and adopting rights-based approaches can be helpful. However, these efforts
      cannot succeed without increased political will, supportive legal frameworks and 
      financial investments to support HCWs in efforts to decrease TB transmission.
CI  - Copyright (c) 2017 Elsevier Masson SAS. All rights reserved.
FAU - Nathavitharana, Ruvandhi R
AU  - Nathavitharana RR
AD  - TB Proof, Cape Town, South Africa; Beth Israel Deaconess Medical Center, Division
      of Infectious Diseases, Boston, MA 02215, USA. Electronic address:
      [email protected]
FAU - Bond, Patricia
AU  - Bond P
AD  - TB Proof, Cape Town, South Africa.
FAU - Dramowski, Angela
AU  - Dramowski A
AD  - TB Proof, Cape Town, South Africa; Paediatric Infectious Diseases, Stellenbosch
      University, Department of Paediatrics and Child Health, Cape Town, South Africa.
FAU - Kotze, Koot
AU  - Kotze K
AD  - TB Proof, Cape Town, South Africa; East London Hospital Complex, East London,
      South Africa.
FAU - Lederer, Philip
AU  - Lederer P
AD  - TB Proof, Cape Town, South Africa; Massachusetts General Hospital, Division of
      Infectious Diseases, , Boston, MA 02215, USA.
FAU - Oxley, Ingrid
AU  - Oxley I
AD  - Nelson Mandela Metropolitan University, Dietetics Division, , Port Elizabeth,
      South Africa.
FAU - Peters, Jurgens A
AU  - Peters JA
AD  - TB Proof, Cape Town, South Africa; London School of Hygiene and Tropical
      Medicine, Faculty of Infectious and Tropical Diseases, Clinical Research
      Department, London, UK.
FAU - Rossouw, Chanel
AU  - Rossouw C
AD  - TB Proof, Cape Town, South Africa.
FAU - van der Westhuizen, Helene-Mari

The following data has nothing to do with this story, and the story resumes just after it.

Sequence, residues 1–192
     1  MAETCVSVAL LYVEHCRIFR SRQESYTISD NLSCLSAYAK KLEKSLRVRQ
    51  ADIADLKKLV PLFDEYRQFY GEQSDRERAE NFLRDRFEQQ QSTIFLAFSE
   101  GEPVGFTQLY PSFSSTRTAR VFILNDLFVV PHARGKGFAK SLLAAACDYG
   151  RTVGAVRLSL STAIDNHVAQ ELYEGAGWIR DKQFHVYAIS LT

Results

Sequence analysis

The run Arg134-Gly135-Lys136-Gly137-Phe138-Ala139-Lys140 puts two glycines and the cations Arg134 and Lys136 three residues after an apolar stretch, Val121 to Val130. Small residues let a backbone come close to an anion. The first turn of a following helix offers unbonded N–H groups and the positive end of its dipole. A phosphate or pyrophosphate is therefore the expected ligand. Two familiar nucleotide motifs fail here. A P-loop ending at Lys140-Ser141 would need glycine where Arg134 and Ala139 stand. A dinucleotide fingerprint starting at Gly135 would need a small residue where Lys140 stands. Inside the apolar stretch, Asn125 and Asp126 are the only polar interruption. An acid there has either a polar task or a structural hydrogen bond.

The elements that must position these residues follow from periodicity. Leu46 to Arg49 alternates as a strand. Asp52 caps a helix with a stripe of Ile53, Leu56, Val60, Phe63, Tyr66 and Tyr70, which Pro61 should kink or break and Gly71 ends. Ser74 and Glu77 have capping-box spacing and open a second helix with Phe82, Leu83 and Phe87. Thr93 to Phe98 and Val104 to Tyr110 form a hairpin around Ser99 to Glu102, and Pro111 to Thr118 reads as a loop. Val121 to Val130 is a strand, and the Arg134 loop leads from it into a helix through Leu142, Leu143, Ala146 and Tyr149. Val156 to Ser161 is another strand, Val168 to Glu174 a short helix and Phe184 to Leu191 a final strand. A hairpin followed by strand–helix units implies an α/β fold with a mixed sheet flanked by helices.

AU  - van der Westhuizen HM
AD  - TB Proof, Cape Town, South Africa; East London Hospital Complex, East London,
      South Africa.
FAU - Willems, Bart
AU  - Willems B
AD  - TB Proof, Cape Town, South Africa; Stellenbosch University, Division of Community
      Health, Faculty of Medicine and Health Sciences, , Cape Town, South Africa.
FAU - Ting, Tiong Xun
AU  - Ting TX
AD  - TB Proof, Cape Town, South Africa; Clinical Research Center, Sarawak General
      Hospital, Kuching, Sarawak, Malaysia.
FAU - von Delft, Arne
AU  - von Delft A
AD  - TB Proof, Cape Town, South Africa; School of Public Health and Family Medicine,
      Faculty of Health Sciences, University of Cape Town, 7925 Observatory, South
      Africa.
FAU - von Delft, Dalene
AU  - von Delft D
AD  - TB Proof, Cape Town, South Africa.
FAU - Duarte, Raquel
AU  - Duarte R
AD  - Institute of Public Health, Porto University, EpiUnit, Portugal; Centro
      Hospitalar de Vila Nova de Gaia, Vila Nova de Gaia, Portugal.
FAU - Nardell, Edward
AU  - Nardell E
AD  - Brigham and Women's Hospital, Division of Global Health and Social Medicine,
      02115 Boston, MA, USA.
FAU - Zumla, Alimuddin
AU  - Zumla A
AD  - TB Proof, Cape Town, South Africa; University College London, and NIHR Biomedical
      Research Centre, University College London Hospital, Division of Infection and
      Immunity, London, UK.
LA  - eng
PT  - Case Reports
PT  - Journal Article
PT  - Review
DEP - 20170228
PL  - France
TA  - Presse Med
JT  - Presse medicale (Paris, France : 1983)
JID - 8302490
SB  - IM
MH  - *Consumer Advocacy
MH  - Cross Infection/epidemiology/*prevention & control/transmission
MH  - Female
MH  - *Health Personnel/education
MH  - Human Rights
MH  - Humans
MH  - Infection Control/legislation & jurisprudence/organization & administration
MH  - Infectious Disease Transmission, Patient-to-Professional/prevention & control
MH  - Infectious Disease Transmission, Professional-to-Patient/prevention & control
MH  - Laboratory Personnel
MH  - Latent Tuberculosis/epidemiology
MH  - Male
MH  - Occupational Diseases/epidemiology/*prevention & control
MH  - Occupational Exposure
MH  - Occupational Health Services/organization & administration
MH  - Return to Work
MH  - Risk Factors
MH  - Students, Medical
MH  - Tuberculosis/epidemiology/*prevention & control/transmission
EDAT- 2017/03/04 06:00
MHDA- 2017/04/07 06:00
CRDT- 2017/03/04 06:00
PHST- 2016/11/07 [received]
PHST- 2017/01/04 [revised]
PHST- 2017/01/17 [accepted]
AID - S0755-4982(17)30054-4 [pii]
AID - 10.1016/j.lpm.2017.01.014 [doi]
PST - ppublish
SO  - Presse Med. 2017 Mar;46(2 Pt 2):e53-e62. doi: 10.1016/j.lpm.2017.01.014. Epub
      2017 Feb 28.